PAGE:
Gestational trophoblastic disease is a disorder of reproductive age, though higher incidence is seen with age less than 20 and more than 40.
They are the abnormal placenta with trophoblastic hyperplasia, enlargement of chorionic villi with stromal edema (Figure 5).
In 1752, Smellie was the first to relate the terms “hydatid” and “mole” as “bunch of grapes of different sizes”. Hydatidiform moles are the nonneoplastic proliferations of the villous trophoblasts. The distinct subtypes are complete, partial hydatidiform moles and invasive moles. The major molecular mechanism is differential expression of the imprinted genes. At the genetic level, partial moles have typically diandric triploidy, most often arising from two sperms fertilizing an egg (XXY 58% or XXX 40% or XYY 2%) and rarely they are tetraploid. Complete moles on the other hand are most commonly diploid (46 XX) or tetraploid and are entirely paternally derived.
Risk factors for hydatidiform mole are extremes of maternal age (≤ 15 and ≥ 40 years old), previous history of molar pregnancies (0.5-2% risk of recurrence), ethinic variation and familial syndrome of recurrent complete hydatidiform mole (autosomal recessive inheritance) but it is extremely rare [1,2].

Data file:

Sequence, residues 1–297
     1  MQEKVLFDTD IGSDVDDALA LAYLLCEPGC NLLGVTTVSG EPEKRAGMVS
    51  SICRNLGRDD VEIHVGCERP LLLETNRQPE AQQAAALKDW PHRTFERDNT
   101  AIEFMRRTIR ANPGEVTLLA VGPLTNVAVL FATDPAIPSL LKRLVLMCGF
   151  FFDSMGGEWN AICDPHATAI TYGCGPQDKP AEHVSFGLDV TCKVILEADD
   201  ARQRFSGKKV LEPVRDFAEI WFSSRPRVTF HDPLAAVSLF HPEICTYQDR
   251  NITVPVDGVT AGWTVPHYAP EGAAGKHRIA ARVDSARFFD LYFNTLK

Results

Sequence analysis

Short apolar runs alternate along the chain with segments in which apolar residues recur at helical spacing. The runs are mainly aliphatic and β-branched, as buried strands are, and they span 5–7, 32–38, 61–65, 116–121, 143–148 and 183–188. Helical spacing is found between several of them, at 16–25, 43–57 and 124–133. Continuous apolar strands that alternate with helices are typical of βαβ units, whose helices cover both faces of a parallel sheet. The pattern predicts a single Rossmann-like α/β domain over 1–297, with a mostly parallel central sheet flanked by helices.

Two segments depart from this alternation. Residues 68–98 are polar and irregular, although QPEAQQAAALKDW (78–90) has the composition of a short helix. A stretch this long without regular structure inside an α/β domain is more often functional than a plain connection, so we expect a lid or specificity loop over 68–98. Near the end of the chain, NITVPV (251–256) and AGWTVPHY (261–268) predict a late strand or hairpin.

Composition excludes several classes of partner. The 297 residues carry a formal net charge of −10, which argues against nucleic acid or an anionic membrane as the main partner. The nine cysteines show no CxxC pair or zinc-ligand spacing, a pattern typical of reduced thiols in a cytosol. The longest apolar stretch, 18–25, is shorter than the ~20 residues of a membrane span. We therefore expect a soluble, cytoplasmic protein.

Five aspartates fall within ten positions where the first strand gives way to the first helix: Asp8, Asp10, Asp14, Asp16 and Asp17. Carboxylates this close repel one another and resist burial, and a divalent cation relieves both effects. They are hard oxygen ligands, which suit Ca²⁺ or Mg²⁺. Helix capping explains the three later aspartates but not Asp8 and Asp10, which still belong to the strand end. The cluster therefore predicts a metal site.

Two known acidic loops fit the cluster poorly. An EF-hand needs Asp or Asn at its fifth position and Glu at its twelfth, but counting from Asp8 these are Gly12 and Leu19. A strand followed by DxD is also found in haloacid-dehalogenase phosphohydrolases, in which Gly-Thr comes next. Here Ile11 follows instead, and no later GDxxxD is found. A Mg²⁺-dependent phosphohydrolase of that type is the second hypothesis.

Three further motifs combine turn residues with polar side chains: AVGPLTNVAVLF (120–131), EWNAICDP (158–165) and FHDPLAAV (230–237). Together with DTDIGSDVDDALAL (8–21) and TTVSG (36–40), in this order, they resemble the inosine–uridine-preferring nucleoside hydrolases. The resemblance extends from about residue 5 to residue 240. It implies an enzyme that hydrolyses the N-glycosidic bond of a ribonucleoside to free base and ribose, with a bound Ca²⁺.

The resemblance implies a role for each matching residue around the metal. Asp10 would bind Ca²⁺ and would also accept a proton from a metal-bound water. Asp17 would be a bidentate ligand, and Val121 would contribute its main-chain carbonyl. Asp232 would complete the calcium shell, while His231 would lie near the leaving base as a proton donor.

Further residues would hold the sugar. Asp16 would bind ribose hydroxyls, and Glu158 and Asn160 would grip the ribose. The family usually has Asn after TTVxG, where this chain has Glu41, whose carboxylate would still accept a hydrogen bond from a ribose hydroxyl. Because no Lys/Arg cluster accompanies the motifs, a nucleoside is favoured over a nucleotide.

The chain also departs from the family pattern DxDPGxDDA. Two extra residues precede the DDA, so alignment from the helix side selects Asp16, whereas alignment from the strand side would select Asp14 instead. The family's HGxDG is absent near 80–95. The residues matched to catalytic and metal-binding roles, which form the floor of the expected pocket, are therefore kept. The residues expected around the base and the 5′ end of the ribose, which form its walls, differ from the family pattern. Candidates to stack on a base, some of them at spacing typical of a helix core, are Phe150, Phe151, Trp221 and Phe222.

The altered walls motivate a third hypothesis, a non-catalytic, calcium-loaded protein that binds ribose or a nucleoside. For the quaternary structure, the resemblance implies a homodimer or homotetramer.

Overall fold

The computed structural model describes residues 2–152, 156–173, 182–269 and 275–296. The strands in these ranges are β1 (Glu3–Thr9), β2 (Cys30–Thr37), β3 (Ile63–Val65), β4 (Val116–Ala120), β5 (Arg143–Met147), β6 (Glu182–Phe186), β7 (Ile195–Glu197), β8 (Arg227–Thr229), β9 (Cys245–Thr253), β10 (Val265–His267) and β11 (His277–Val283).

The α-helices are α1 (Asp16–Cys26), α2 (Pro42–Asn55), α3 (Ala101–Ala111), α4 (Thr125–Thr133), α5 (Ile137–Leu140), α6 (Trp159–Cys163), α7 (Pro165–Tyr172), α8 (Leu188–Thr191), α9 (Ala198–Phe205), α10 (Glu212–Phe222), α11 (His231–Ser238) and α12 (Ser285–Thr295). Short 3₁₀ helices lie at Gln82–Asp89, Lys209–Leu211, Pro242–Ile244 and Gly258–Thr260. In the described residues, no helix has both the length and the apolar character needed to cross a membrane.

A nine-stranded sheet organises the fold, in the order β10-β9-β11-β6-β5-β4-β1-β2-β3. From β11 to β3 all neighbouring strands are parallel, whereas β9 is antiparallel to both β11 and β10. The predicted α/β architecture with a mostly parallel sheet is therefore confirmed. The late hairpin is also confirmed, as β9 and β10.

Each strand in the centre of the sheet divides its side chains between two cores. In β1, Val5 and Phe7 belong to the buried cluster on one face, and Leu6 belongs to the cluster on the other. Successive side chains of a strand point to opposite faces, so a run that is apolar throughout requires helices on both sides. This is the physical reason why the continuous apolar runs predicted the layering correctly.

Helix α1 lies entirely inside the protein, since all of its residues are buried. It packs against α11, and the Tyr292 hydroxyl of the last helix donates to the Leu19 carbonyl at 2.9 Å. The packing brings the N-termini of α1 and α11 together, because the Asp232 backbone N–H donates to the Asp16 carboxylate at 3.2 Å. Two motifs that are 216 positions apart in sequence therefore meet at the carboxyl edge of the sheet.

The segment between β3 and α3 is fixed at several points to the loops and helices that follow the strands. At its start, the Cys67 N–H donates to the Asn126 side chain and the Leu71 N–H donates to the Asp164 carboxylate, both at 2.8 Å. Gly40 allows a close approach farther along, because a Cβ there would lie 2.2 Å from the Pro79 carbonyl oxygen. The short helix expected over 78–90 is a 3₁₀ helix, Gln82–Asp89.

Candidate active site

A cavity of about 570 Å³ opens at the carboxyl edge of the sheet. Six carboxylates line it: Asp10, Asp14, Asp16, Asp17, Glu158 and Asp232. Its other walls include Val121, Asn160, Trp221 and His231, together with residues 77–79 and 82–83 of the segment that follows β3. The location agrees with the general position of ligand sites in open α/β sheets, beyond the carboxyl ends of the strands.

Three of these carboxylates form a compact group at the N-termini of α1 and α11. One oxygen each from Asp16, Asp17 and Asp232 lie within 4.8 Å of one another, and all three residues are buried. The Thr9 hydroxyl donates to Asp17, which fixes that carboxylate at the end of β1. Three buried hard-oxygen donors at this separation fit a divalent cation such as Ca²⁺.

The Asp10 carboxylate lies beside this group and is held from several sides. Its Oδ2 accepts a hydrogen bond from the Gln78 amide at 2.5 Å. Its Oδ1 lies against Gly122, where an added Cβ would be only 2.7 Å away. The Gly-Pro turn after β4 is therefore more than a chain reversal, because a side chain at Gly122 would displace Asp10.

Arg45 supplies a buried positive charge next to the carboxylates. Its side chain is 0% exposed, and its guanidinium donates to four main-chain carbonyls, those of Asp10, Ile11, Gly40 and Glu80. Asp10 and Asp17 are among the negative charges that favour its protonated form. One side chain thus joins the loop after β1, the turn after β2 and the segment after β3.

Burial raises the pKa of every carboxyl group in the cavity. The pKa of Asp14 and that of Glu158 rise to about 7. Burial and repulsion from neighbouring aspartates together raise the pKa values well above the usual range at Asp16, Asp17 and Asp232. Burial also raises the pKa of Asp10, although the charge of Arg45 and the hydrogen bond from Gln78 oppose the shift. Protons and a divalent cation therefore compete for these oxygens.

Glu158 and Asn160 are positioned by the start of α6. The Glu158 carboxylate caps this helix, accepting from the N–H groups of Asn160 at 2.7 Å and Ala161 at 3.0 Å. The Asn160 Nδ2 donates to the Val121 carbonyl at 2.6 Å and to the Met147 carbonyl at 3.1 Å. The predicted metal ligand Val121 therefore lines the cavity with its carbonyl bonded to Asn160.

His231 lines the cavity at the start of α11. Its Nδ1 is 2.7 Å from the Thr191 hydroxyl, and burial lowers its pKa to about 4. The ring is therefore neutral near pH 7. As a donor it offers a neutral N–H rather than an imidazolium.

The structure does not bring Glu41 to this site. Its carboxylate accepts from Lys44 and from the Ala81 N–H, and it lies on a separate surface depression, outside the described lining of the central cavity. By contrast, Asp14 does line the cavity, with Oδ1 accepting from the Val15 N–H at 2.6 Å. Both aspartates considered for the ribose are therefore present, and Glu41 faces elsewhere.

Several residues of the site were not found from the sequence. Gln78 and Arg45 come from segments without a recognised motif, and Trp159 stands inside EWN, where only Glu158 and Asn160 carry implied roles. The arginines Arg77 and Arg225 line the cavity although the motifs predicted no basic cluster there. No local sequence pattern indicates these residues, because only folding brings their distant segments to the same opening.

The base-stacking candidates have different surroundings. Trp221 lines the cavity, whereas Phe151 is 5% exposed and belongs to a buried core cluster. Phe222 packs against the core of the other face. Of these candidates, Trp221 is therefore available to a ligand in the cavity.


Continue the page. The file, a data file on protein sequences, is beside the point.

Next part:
The incidence of molar pregnancy is 1 per 500 to 1000 pregnancies; the highest incidence is seen in South-East Asia with peak incidence of 13.0 in Indonesia, followed by Taiwan (8.0), Philippines and China (5.0) and Japan (3.8). The lowest incidence is seen in North America, Europe, and Oceania with rates ranging from 0.5–1.84/1,000 pregnancies .
Hydatidiform mole is a premalignant condition of gestational trophoblastic disease where 16% of complete hydatidiform mole and 0.5% of partial hydatidiform mole can undergo malignant transformation into invasive mole or choriocarcinoma.
Ectopic gestation is a rare pregnancy phenomenon with an incidence rate of 4.5-16.8/1000 pregnancies . Tubal ectopic is the commonest with ampulla being the favourable site. Ectopic molar pregnancy is a rare condition, which can occur at any place in the pelvic cavity. The incidence of tubal ectopic molar pregnancy is very rare with 1.5 per 1,000,000 pregnancies. Molar changes can even be found in cornual and cervical pregnancies. β HCG values also do not provide supportive diagnosis as their levels are not much elevated as in case of uterine molar pregnancies. However need for correct diagnosis is more important as the complications, treatment modalities and follow up varies. Hence histopathological examination is the only confirmative test for this diagnosis [4,5].